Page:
By Chris Lane
By Olivia Flores Alvarez
By Angelica Leicht
By Jef Rouner
By Jef With One F
By Jef With One F
By Marco Torres
The Columbine tragedy inspired Jane Martin's Good Boys. This play about violent teenagers and their parents may be well intentioned, but it posits an unlikely situation that gets only more implausible as the 90-minute, intermission-less show wears on.
Set on a lonely pier in Florida, the play tells the story of a meeting between two fathers. Eight years have passed since the son of James Erskine (Rutherford Cravens) killed several schoolmates and then turned the gun on himself. Thomas Thurman (Manning Mpinduzi-Mott) is the father of one of the victims.
The two men confront each other, ponder the cause of the shootings and wonder what they can do about the tragedy now. Thurman is angry and wants Erskine to apologize to his church. Erskine, whose life has been ruined by lawsuits and reporters, wants only to be left alone.
In addition to its unlikely setup, the play is bogged down by some weak lines. The men spout lame poetry, saying things like, "We are prisoners in the puzzle of this," and "Living is like walking around an empty room."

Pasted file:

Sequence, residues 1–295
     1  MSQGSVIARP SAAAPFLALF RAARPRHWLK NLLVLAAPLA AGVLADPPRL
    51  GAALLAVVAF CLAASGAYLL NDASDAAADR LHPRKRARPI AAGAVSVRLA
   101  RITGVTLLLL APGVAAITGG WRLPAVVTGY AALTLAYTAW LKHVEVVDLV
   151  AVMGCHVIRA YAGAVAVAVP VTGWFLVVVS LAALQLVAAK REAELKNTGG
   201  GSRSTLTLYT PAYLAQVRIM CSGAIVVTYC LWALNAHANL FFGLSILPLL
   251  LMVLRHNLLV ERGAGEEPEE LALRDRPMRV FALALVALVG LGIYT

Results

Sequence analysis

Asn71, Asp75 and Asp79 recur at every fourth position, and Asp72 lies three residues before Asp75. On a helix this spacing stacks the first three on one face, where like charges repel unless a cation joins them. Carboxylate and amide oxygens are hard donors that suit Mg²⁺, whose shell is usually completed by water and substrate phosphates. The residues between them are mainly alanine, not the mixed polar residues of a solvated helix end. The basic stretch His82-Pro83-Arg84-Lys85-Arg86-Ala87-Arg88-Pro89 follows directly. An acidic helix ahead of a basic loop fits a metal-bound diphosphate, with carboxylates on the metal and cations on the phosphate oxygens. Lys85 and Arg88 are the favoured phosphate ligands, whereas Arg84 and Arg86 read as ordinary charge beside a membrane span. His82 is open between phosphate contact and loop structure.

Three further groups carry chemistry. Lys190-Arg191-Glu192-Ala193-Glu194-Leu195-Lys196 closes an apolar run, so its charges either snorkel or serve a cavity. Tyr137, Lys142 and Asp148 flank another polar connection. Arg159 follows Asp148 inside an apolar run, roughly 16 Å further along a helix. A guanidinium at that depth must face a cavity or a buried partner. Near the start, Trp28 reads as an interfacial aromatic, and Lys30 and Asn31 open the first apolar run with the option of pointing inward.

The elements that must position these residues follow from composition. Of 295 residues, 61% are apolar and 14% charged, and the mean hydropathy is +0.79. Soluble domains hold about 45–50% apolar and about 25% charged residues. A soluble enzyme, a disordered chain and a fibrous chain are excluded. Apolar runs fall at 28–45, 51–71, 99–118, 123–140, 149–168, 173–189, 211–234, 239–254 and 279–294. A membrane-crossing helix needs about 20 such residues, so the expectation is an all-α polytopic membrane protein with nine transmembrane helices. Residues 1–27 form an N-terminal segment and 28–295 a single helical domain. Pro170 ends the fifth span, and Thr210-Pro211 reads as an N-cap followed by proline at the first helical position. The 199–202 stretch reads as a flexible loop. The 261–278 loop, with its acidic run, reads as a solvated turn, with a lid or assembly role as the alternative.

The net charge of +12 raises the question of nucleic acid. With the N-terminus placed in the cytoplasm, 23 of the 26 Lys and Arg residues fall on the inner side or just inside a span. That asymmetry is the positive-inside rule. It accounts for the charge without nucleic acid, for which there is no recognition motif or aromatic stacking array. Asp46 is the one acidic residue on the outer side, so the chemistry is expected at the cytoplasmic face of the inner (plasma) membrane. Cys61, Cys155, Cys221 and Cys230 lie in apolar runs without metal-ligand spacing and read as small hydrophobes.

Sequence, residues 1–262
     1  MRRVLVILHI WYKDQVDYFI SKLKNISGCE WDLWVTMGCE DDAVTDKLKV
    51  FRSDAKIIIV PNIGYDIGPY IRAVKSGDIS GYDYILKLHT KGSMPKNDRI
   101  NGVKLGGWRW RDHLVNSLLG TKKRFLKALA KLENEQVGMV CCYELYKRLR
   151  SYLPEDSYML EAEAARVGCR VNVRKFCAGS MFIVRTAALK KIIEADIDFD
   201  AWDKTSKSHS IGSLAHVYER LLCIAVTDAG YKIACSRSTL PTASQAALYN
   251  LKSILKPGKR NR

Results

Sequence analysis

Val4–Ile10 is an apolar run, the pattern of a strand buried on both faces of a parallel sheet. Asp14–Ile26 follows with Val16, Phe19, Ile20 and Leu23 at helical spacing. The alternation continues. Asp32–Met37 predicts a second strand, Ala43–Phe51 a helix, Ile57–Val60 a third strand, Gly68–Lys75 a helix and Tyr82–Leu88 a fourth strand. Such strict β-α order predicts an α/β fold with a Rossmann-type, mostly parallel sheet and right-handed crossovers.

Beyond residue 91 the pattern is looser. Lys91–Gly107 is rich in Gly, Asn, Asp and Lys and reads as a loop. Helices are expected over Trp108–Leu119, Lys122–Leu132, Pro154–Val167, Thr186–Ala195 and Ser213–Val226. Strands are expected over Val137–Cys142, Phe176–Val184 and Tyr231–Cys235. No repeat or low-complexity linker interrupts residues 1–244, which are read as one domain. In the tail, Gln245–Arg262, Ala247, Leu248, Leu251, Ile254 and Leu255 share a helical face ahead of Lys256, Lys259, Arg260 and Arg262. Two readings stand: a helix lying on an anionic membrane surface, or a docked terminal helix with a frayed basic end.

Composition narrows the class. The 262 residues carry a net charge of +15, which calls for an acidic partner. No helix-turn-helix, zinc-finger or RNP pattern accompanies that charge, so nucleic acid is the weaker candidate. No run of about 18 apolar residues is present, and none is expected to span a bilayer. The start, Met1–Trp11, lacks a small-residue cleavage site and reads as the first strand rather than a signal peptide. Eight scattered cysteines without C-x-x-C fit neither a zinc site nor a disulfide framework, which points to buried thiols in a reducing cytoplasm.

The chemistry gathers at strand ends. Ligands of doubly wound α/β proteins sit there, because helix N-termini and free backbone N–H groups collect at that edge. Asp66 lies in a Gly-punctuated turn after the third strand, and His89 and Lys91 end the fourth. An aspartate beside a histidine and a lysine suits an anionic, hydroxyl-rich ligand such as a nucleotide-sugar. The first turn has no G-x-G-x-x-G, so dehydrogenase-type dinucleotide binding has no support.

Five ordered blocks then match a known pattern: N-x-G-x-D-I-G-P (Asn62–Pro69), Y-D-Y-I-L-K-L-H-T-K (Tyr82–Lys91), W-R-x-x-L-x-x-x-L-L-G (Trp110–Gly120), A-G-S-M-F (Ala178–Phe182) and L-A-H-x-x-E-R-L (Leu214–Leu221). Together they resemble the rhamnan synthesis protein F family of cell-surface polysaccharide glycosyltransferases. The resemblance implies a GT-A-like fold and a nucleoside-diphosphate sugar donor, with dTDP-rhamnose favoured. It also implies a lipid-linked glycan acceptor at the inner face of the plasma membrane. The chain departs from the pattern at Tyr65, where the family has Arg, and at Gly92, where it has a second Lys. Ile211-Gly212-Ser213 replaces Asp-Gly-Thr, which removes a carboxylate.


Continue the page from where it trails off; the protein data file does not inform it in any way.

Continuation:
To make matters worse, director Mark Ramont has put together a cast that just can't lift this script out of the mire. Mpinduzi-Mott seems particularly uncomfortable here. He stands on the stage with his arms hanging limply at his sides, leaving the usually strong Cravens in a sort of acting vacuum. Cravens tries to keep the ball in the air, but Mpinduzi-Mott's lines are often punctuated with long, inexplicable silences that suck the energy out of their exchanges.
The strongest moments come during flashback scenes focusing on the dead sons. Both David Kenner as shooter Ethan Erskine and Cameron Knight as victim Marcus Thurman bring much-needed youthful energy and rage to the stage. Kenner is especially strong -- and surprisingly sympathetic -- as a boy driven to violence by loneliness and self-loathing.
The Columbine tragedy has provoked some interesting responses (the most notable being Michael Moore's controversial screed Bowling for Columbine), but Jane Martin's Good Boys adds little to the conversation about teenagers and violence. -- Lee Williams